Ava Turner is only six, but she’s at the center of a school-wide effort at Oklahoma Christian Academy to collect plastic grocery bags. So far, she’s collected 3,000! Her project has deeper meaning than recycling plastic; however, it’s about helping people in need. The bags Ava collects are cut, knotted, and crocheted together to create plastic mats for the homeless. The blanket-like mats are lightweight, easy to clean, and more bed bug and rain resistant than cloth.
“It takes about 700 bags to make a mat,” said Binh Turner, Ava’s mother. “Our goal is to make 20 mats by Christmas. We hope that people will take a mat with them in their car and hand it to someone on a street corner who needs help.”
Ava first learned of the plastic mats when her father, Joshua, was speaking as a former missionary at Eastside Church of Christ. “That’s where Grammy and my cousins go,” Ava said. A woman named Kay Bost was spearheading the project. The whole Turner family was intrigued and contacted Kay to learn how they could help. Kay explained that it takes many people to gather, sort, cut and crochet the mats together.
It was exactly the kind of community service project that Ava had learned about at school, and she wanted to participate. “The school encourages students to be contributors to society, to give back to our community,” Binh said. “So, Principal Kelsey thought it was a great idea to invite the students to help Ava collect the bags. Every week, Ava checks the collection boxes, takes them home, and our family preps the bags for crocheting.”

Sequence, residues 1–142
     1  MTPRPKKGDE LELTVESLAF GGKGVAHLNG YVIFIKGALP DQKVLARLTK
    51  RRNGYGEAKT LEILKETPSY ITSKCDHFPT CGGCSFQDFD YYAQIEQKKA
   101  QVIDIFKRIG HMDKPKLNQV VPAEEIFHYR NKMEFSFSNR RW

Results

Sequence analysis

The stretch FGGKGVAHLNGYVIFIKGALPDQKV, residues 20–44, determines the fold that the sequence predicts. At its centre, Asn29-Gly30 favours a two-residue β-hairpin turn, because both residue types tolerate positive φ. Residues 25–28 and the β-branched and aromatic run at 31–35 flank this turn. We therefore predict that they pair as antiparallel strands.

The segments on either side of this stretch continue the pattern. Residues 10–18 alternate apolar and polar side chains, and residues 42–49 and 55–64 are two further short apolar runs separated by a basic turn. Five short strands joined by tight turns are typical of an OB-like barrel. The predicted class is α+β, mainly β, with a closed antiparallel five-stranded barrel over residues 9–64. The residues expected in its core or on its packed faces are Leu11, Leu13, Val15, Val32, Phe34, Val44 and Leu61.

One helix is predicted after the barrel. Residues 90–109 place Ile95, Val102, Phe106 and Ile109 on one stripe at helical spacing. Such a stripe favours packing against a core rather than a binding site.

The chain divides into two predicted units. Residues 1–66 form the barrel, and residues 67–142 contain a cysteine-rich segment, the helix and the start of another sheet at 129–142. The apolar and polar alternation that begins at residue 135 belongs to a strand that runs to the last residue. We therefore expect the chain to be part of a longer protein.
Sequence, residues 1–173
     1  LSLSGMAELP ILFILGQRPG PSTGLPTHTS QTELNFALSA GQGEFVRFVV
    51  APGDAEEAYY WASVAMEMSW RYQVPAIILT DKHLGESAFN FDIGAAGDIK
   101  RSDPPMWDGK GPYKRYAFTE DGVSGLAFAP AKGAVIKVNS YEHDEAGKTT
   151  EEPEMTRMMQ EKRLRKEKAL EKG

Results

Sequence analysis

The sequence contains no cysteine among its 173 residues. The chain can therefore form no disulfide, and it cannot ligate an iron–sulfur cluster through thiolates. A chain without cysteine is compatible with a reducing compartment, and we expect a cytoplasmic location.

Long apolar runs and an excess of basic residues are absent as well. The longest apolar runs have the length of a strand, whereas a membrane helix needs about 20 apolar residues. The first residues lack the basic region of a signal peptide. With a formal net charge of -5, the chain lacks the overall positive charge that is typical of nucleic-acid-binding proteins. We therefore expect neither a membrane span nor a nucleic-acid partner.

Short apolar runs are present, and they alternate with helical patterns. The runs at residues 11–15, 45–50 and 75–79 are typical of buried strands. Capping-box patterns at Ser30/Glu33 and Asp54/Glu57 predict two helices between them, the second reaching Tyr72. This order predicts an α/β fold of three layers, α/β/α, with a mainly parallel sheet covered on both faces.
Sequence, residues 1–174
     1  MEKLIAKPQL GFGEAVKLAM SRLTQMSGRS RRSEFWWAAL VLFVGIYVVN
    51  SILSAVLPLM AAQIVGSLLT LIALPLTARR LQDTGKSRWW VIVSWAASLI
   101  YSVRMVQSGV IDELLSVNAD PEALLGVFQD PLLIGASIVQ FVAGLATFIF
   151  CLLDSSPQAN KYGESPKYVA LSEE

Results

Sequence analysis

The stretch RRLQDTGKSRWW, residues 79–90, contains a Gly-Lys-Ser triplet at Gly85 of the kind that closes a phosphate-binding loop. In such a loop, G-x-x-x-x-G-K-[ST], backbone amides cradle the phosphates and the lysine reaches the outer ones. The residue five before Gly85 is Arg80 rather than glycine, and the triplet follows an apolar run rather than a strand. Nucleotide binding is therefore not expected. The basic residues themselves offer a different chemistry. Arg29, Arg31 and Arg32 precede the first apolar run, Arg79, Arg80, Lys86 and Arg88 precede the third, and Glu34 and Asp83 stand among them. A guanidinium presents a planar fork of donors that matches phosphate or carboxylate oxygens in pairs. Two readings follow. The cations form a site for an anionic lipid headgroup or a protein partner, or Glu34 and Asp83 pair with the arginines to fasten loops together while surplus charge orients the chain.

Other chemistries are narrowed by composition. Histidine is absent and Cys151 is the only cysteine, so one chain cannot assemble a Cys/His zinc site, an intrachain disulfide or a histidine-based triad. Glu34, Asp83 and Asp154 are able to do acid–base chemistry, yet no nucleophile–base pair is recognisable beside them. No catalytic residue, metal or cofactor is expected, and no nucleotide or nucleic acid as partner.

Feeling shy, Ava let her mother share most of the details about her community service project, but she did demonstrate her technique for preparing the bags. First, she flattened out the bag and cut off the ends. She made several 3-inch-wide slits in the center of the bag. Next, she knotted the bags end-to-end to make a long, continuous strip—much like a plastic cord. “Then a large crochet hook is used to single-stitch the bags together,” Binh said. “We haven’t started the crochet part yet, but we’re learning. It’s fairly simple.”
It’s not surprising that the Turner family has a heart for helping the needy. Not only was Ava’s father a missionary, Ava’s maternal grandfather was a Vietnamese refugee who escaped on a boat in the 1980s. “He was attacked by pirates and landed in a Malaysian camp until he was picked up by Australians.”
“He was scared,” Ava added.
Ava recently watched a video about two children in Bali who started their own recycling movement. They promote awareness about the dangers of plastic bags to wildlife. “Turtles eat them. They think they are jellyfish, and it can choke them,” Ava said.
The Turners hope that their effort solves multiple problems, both for wildlife and humans. “Ava feels very proud, and we’re grateful to attend a school that instills the idea of loving other people into our children.”t